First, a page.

King Jack, from first time writer-director Felix Thompson, explores the inherent masochism of a teenage existence fraught with inexplicable desire and ill-advised vengeance.

King Jack Review

Thompson’s film opens like many coming of age indies: a shaky camera, moody and soulful music blaring above the sounds of the action rolling on the film, intimate lighting and a scruffy kid on a mission. Here, it’s Jack (Charlie Plummer), a fifteen-year-old trying to keep his head above water in a poor rural town that seems to be uniquely against him. As the movie unfolds, Thompson’s vision for Jack finds its groove, exploring the nuances of a young man who has yet to realize he might be his own worst enemy.

When Jack is introduced, he’s spray painting vulgarities on garage doors, taking off before his longtime bully Shane (Danny Flaherty) can chase him down. Pulling his bike behind another home and tossing it over a fence, Jack comes face-to-face with a dog whose food bowl was left just out of reach. Cursing at the owners with empathy flickering in his eyes, Jack halts his getaway to move the bowl closer. It’s the moment Thompson wrote – and that Plummer ably performed – that establishes that Jack is one of those rough kids with a good soul that’s hard to show.

Nicknamed Scab to his immense irritation, Jack has a crush on one of the cool girls who calls him Scab and watches on as his bullies beat him and cover his face in spray paint until he’s choking. It’s no wonder that when he sends her the shirtless picture of himself she retorts with “ew” or that when he sends her a picture of his manhood (poignantly taken in the high school bathroom with his baggy, ripped and dirty jeans hanging around his ankles), she shows it to her friends who mock his negligible size.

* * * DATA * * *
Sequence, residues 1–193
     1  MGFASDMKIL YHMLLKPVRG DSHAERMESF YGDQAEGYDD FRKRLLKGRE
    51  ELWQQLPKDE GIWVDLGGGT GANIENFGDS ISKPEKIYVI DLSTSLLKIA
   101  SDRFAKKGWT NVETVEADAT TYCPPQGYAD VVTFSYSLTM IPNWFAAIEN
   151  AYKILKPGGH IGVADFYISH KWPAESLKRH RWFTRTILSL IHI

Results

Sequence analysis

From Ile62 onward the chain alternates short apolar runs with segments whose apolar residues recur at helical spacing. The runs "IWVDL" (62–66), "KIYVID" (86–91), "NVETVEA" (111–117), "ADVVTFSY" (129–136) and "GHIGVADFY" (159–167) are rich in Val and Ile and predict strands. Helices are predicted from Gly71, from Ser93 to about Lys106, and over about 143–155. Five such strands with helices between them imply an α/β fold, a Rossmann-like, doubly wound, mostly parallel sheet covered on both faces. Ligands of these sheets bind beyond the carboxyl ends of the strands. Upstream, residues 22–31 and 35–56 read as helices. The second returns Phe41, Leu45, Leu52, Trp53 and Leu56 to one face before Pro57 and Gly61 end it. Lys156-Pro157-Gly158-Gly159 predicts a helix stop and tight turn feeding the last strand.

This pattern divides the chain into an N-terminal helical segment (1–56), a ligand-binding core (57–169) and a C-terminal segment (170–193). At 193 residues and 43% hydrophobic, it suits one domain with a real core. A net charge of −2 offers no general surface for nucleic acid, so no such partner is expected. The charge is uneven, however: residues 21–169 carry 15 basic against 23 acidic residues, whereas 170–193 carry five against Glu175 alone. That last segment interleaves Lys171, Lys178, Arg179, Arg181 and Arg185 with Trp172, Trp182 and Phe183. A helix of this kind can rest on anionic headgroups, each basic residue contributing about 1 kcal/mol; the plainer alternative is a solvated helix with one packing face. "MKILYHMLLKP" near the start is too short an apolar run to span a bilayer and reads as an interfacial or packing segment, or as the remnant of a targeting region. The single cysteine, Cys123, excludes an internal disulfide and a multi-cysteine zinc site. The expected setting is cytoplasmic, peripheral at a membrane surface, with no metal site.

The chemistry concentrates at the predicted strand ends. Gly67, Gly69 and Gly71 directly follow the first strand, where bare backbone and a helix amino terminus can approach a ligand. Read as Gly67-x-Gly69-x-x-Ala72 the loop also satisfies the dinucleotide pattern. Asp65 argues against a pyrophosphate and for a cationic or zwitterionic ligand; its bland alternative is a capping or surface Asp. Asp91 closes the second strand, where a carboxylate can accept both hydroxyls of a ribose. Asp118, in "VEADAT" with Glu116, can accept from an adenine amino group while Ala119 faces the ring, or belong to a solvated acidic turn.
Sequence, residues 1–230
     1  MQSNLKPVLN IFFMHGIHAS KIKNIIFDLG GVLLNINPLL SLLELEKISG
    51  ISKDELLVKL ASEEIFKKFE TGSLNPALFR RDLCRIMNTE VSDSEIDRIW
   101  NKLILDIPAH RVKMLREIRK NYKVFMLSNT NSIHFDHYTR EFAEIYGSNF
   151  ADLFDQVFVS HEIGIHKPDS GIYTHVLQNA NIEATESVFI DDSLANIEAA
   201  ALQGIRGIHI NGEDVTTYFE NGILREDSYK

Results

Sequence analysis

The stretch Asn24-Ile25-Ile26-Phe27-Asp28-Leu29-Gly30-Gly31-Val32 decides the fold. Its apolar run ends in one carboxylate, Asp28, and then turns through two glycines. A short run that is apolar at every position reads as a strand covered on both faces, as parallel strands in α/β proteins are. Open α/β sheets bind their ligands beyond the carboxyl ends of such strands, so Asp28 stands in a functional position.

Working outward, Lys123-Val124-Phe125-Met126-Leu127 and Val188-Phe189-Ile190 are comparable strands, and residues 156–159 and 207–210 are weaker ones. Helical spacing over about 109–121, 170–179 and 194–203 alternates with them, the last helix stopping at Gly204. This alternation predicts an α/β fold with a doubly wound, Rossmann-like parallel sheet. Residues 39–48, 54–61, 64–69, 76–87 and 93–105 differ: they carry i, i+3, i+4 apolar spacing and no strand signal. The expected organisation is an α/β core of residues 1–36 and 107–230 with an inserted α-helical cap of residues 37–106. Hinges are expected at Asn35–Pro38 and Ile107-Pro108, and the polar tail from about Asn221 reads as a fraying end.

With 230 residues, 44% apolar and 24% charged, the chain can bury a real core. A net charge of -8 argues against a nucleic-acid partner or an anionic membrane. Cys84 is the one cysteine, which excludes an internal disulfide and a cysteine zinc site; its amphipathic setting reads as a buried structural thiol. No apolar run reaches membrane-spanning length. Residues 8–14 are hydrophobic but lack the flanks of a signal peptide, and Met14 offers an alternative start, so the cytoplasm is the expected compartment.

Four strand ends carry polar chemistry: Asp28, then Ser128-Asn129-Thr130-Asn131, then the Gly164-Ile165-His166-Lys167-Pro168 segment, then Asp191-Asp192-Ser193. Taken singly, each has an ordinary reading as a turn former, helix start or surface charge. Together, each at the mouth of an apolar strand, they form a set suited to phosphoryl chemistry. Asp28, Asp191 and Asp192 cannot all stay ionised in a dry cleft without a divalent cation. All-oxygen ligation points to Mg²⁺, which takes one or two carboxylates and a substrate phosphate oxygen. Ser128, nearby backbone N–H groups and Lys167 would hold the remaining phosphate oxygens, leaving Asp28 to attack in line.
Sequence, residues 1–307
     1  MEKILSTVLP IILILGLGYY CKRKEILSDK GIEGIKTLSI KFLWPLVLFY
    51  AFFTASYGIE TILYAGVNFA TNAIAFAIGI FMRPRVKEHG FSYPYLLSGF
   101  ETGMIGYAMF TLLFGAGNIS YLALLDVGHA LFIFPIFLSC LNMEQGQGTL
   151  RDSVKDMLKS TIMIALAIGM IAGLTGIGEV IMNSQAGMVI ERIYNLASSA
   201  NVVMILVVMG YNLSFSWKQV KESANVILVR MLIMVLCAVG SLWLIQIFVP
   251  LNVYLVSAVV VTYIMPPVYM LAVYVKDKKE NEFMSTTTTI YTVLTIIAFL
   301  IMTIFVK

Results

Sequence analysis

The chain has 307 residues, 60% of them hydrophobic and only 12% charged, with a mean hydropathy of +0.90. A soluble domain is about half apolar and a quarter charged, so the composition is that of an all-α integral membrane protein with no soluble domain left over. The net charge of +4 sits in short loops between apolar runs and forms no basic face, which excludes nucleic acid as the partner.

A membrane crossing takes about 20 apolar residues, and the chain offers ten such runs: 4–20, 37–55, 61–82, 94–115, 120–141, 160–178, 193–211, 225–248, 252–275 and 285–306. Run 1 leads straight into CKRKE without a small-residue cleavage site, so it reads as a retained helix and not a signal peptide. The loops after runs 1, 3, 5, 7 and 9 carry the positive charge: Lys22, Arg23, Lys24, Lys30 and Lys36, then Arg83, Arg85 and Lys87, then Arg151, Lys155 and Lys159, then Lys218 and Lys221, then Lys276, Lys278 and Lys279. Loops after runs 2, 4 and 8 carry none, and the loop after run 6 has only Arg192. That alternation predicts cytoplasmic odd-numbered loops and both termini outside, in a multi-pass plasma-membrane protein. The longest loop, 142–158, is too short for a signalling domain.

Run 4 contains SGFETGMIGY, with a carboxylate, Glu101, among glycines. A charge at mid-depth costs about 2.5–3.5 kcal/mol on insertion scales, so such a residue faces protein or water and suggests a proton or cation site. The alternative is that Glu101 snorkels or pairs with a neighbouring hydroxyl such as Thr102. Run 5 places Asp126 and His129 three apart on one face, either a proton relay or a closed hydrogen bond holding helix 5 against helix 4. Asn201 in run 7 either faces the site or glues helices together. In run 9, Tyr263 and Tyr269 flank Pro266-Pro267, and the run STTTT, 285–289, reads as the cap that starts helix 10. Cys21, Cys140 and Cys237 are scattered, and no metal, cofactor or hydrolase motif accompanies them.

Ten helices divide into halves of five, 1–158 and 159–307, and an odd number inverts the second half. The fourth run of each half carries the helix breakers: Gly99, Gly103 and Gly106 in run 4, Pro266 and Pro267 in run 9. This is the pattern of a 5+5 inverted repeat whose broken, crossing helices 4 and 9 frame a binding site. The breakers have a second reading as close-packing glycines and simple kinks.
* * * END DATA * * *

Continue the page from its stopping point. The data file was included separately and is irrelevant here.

Adding to the un-sexiness of Jack’s sexual exploits, he gets his first kiss during a game of truth or dare – and his second one in a ruse that leaves him blindfolded in his underwear and easy prey for his abusers. For every ill-advised move that Jack takes to establish the guise of power or social success, he’s left humiliated.

Throughout the movie, Jack’s sidekick is his quiet cousin Ben (Cory Nichols), who is sent to live with his family after his mother has a breakdown. He’s someone who Jack sees as obviously inferior to him. But, instead of wanting to bully Ben as he’s bullied, he wants to impress upon him that he’s cool, that he’s worthy, worthy of the title King Jack that his father had given him, worthy enough to shed the nickname Scab. It’s this relationship, which develops over a pair of days, that changes Jack more than anything.

Jack’s redemption has its share of bruises, both physical and emotional – and they’re ultimately what deliver him into a position of personal power, which comes complete with a paper crown and a bike ride in the company of those who love him.

King Jack premiered at the Tribeca Film Festival. Its release date is TBD.

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